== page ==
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The Critic's Resource on AntiEvolution

NCSE Evolution Education Update for 2011/06/10

(by NCSE Deputy Director Glenn Branch)

Dear Friends of NCSE,

The creationist propaganda movie Expelled is on the auction block. The
Christian Science Monitor discusses the attempt to repeal Louisiana's
antievolution law. And NCSE offers a preview of Darwin's Lost World.


Expelled: No Intelligence Allowed -- the 2008 creationist propaganda
movie fronted by Ben Stein -- is scheduled to be auctioned, lock,
stock, and barrel, pursuant to the bankruptcy proceeding of Premise
Media Holdings LP. According to a document filed in the United States
Bankruptcy Court of the Northern District of Texas, Dallas Division,
on May 31, 2011, the trustee of the bankruptcy estate is seeking to
auction "[t]hat certain feature-length motion picture ('Picture')
'Expelled: No Intelligence Allowed' and all collateral, allied,
ancillary, subsidiary and merchandising rights therein and thereto,
and all properties and things of value pertaining thereto." The
auction is scheduled to take place on-line from June 23 to June 28,

The high bidder will become the owner of the movie that The New York
Times (2008 Apr 18) described as "[o]ne of the sleaziest documentaries
to arrive in a very long time ... a conspiracy-theory rant
masquerading as investigative inquiry ... an unprincipled propaganda
piece that insults believers and nonbelievers alike" and that was
denounced by the American Association for the Advancement of Science
for its "profound dishonesty" and condemned by the Anti-Defamation
League for its "outrageous" misuse of the Holocaust to "tarnish those
who promote the theory of evolution." (NCSE's Expelled Exposed
provides a collection of reviews, commentary, and resources
documenting the extensive problems with Expelled.) Caveat emptor!

For the document from the bankruptcy court (PDF), visit: 

For the review in The New York Times, visit: 

For the statements from the AAAS and the ADL, visit: 

And for Expelled Exposed, visit: 


The attempt to repeal Louisiana's antievolution law was discussed by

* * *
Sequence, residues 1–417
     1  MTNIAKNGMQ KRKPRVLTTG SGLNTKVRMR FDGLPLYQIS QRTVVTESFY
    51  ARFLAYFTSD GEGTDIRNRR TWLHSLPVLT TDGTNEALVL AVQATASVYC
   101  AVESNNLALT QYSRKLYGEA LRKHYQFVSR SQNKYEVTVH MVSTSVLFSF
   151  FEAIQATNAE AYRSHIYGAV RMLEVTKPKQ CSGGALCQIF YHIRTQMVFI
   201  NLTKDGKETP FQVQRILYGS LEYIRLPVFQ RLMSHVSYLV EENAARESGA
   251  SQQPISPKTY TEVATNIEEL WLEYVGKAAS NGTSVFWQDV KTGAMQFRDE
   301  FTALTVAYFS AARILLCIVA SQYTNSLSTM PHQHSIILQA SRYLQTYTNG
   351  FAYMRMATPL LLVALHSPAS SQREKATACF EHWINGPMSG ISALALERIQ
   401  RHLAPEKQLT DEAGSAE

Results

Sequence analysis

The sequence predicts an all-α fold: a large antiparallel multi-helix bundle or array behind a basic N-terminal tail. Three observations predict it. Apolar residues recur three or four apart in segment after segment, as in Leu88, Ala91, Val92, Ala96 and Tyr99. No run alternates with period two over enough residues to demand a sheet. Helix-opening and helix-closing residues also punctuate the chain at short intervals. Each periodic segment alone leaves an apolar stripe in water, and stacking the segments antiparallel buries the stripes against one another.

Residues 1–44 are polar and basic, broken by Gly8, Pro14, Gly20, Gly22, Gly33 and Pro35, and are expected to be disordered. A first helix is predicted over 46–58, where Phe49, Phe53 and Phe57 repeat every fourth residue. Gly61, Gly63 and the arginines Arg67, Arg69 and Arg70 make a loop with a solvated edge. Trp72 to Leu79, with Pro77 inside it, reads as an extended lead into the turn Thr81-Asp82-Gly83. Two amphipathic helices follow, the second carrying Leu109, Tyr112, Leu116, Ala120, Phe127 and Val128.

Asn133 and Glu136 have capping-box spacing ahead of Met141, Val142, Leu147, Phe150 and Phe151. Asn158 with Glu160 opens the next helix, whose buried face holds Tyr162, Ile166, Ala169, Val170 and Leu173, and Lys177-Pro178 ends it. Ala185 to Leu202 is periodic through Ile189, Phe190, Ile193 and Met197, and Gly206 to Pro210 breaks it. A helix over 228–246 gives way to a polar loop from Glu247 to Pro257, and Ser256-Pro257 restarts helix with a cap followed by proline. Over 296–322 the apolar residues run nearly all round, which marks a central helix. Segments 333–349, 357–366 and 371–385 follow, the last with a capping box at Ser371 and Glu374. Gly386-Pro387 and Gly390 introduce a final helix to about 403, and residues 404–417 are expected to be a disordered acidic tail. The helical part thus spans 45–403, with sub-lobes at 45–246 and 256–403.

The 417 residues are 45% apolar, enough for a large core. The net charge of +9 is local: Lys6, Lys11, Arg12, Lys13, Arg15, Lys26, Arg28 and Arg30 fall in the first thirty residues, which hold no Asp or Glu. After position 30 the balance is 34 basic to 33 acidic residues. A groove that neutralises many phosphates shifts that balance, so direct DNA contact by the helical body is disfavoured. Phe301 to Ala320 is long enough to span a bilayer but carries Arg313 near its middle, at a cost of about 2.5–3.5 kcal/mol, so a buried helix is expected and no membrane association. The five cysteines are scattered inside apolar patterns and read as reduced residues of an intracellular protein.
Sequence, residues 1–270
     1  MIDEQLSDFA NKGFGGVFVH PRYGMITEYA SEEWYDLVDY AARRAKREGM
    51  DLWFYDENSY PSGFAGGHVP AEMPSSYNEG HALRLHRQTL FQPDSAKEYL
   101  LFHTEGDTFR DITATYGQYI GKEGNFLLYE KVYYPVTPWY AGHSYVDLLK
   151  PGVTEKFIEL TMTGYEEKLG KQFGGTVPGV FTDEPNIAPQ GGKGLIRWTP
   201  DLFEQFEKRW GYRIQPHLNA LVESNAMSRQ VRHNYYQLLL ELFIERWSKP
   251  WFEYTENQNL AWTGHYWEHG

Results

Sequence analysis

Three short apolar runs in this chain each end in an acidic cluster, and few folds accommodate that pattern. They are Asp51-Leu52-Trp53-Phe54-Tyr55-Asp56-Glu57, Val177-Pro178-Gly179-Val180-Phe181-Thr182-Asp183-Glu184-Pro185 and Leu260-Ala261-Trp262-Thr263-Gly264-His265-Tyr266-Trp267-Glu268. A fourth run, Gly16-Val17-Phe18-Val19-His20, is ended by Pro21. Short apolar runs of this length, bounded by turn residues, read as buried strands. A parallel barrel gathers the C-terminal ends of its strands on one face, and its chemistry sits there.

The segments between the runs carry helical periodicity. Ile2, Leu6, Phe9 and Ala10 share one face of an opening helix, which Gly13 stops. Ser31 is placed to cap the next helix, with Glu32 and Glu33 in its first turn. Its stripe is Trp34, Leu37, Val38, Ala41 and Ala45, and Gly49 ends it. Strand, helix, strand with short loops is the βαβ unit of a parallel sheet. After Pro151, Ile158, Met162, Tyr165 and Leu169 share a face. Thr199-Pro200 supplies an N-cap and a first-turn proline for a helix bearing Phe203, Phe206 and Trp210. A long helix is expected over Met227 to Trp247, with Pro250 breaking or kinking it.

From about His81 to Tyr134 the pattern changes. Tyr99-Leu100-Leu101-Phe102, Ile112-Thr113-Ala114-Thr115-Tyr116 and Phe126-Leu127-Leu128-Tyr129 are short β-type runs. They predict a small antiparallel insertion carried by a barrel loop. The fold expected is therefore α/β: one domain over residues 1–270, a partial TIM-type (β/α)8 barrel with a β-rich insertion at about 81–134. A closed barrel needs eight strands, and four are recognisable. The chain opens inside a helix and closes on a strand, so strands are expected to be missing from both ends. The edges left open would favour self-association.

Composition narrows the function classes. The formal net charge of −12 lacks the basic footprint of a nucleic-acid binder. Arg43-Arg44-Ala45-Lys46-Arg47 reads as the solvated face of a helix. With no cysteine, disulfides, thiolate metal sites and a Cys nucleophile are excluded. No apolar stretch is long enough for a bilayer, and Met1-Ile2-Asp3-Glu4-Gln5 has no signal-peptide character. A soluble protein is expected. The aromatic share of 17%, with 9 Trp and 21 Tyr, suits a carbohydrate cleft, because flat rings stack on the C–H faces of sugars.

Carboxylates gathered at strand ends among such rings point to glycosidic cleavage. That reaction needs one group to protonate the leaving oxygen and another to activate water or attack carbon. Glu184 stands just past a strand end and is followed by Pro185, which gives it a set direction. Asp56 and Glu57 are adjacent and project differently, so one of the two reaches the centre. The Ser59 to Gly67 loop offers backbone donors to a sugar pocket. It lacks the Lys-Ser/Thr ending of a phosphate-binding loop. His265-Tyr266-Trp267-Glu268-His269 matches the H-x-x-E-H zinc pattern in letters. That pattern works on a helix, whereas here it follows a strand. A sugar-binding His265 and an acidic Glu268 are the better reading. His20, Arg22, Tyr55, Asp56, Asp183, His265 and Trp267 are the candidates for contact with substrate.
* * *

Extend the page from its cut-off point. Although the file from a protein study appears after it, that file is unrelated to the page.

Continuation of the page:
the Christian Science Monitor (June 2, 2011), which explained, "The
Louisiana Science Education Act, which allows teaching contrary to
science on the grounds it promotes critical thinking, is increasingly
serving as an inspiration to religious conservatives in other states."
Antievolution bills were introduced in Florida, Kentucky, New Mexico,
Oklahoma, Tennessee, and Texas so far in 2011, all dying except in
Tennessee, where a bill was passed by the House of Representatives;
its counterpart is on hold in the Senate until 2012.

Meanwhile, Louisiana's Senate Bill 70, which would have repealed the
state's antievolution law, was shelved on a 5-1 vote by the Senate
Education Committee on May 26, 2011, despite the wide support for it
from the scientific and educational communities -- including the
American Association for the Advancement of Science, the Louisiana
Science Teachers Association, and forty-three Nobel laureate
scientists. Harold Kroto, a recipient of the Nobel Prize for Chemistry
in 1996, was quoted as comparing a vote against the repeal to
"requiring Louisiana school texts to include the claim that the Sun
goes round the Earth."

Thus the law -- Louisiana Revised Statutes 17:285.1, which implemented
the so-called Louisiana Science Education Act, passed and enacted in
2008 -- remains on the books. The bill ostensibly promotes "critical
thinking skills, logical analysis, and open and objective discussion